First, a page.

It looks as if a policy position of our elected government in Holyrood is about to be circumvented by the overarching legislation contained in the United Kingdom Internal Market Act 2020. The latter you will recall is a Tory government ‘fix’ for domestic consequences of Brexit.
The House of Commons Library (HoCL) has just published a briefing on the Genetic Technology (Precision Breeding) Bill. This was introduced to the Commons on 25 May 2022: the second reading is scheduled for 14 June 2022.
The Bill applies to ‘precision bred plants and vertebrate animals (excluding humans)’, meaning ones that are gene edited: it proposes to remove them from the regulatory system for genetically modified organisms (GMOs).
The justification is that precision breeding technologies can make targeted genetic changes to produce beneficial traits which, arguably, can also occur through traditional breeding and natural processes. Proponents claim this makes it different to genetic modification (GM) where techniques are used to insert functional DNA from an unrelated species into another species. The Government has said the changes in legislation will mean the level of regulatory scrutiny for precision bred organisms will be “somewhere between that of GMOs and traditionally bred organisms”.
The subject of gene editing and therefore the objectives of this Bill are controversial. The Westminster government held a consultation with ‘stakeholders’ which received diverse views and split judgements on what is being proposed. However, the HoCL briefing notes that: ‘there is some consensus between the Government’s position and the Labour Party position about the value of using genetic technologies to improve food security and improve health. The Liberal Democrats are largely in agreement with the other two parties on GM.’ So the Bill is likely to pass.
Adding to the controversy, Defra Secretary of State, George Eustice, is reported to have said that precision bred organisms created under the Bill’s framework will not have to be labelled as such because they are “fundamentally natural”. The HoCL paper reports concerns among some food campaigners that the bill “would lead to the removal of labels that allow consumers to choose what they are buying and eating”.
Candidly, I am not yet well-enough informed on the pros/cons of gene editing but I would like to know what I’m eating! My concern is with who decides on policy change! And my concern is with the negation of Holyrood’s power to decide!
The prospect of ‘bypass’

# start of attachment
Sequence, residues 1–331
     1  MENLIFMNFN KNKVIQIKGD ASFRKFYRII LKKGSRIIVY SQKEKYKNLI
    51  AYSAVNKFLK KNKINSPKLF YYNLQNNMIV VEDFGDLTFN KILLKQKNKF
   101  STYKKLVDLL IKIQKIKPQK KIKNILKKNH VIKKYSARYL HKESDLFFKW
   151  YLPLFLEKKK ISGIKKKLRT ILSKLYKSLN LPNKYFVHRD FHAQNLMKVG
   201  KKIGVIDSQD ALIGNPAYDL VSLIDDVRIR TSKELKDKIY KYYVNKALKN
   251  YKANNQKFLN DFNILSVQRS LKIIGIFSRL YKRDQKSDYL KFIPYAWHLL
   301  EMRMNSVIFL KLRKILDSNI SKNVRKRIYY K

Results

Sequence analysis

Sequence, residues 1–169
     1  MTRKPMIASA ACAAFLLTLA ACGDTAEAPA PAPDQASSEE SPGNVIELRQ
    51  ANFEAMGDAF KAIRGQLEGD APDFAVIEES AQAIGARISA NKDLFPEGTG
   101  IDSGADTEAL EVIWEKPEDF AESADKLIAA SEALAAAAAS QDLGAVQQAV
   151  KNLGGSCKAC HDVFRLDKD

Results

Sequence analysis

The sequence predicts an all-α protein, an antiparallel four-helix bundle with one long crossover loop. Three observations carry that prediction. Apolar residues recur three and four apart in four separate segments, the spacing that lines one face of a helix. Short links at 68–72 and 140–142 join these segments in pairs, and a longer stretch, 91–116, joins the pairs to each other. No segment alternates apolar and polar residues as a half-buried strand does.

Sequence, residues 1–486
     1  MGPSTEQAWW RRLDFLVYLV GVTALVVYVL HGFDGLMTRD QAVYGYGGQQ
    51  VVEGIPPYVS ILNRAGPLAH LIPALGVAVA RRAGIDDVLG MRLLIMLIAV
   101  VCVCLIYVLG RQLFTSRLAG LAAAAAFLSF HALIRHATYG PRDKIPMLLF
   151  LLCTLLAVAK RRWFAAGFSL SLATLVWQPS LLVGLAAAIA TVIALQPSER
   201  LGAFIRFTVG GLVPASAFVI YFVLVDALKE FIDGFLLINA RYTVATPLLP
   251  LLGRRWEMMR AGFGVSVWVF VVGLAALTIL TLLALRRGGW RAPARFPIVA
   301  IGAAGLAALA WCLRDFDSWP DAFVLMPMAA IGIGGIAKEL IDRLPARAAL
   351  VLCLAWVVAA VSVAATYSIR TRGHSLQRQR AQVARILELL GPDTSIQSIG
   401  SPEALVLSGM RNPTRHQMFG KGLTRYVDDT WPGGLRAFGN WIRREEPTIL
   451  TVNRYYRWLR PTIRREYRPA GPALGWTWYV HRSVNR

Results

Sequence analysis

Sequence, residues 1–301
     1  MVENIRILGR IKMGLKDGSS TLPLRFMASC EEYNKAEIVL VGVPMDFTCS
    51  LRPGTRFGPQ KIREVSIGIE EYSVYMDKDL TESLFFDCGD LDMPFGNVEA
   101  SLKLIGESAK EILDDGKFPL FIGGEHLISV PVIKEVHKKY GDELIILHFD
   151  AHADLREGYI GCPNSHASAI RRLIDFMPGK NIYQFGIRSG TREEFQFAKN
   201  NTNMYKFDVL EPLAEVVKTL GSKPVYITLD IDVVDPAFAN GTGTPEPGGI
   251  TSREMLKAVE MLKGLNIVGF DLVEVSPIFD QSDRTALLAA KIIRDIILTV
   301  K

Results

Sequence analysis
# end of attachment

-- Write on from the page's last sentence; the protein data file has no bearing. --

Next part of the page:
A Defra factsheet accompanying the Bill notes that the regulation of the production, release into the environment and marketing of precision bred plants and animals, and food and feed derived from them, are devolved matters So the provisions of this Bill generally apply in relation to England only. However, there is a big BUT!
The Scottish Government has long been opposed to genetic modification in food production: it announced a ban on genetically modified crops in 2015. The Scottish Government has also said it would block the imposition of this Bill in Scotland and has stated that it wishes to consider the implications of the legislation further. The Welsh Government also wants precision bred organisms to continue to be regulated as GMOs in Wales.
The crucial point is that the Bill will have an impact on Scotland (and Wales) regardless of the position of the elected government in Edinburgh (and Cardiff). If precision bred products can be legally produced in or imported into England they can be legally placed on the market in Scotland and Wales (but not Northern Ireland). The HoCL reproduces a section of the Explanatory Notes to the Bill:
‘The mutual recognition principle in the United Kingdom Internal Market (UKIM) Act 2020 will apply to precision bred plants and animals, and food and feed derived from them, which are produced in or imported into England, meaning that it would be possible to place them legally on the market in Scotland and Wales if they can be marketed lawfully in England as a result of this Bill and the delegated legislation to be made under it. Owing to the Northern Ireland Protocol, precision bred organisms and food and feed derived from them will only be able to be imported into Northern Ireland if they undergo a full GMO authorisation.’
The scope for this kind of circumvention of the devolution settlement – and effectively, the negation of the powers vested in Holyrood and the Scottish Government – must be huge. It could cover any legislation enacted by Westminster whose consequences lead to an activity, output or outcome deemed to fall within the ambit of the ‘mutual recognition principle’ in the UK Internal Market Act. And it would do so regardless of the constitutional/legal status of the power to legislate – reserved or devolved!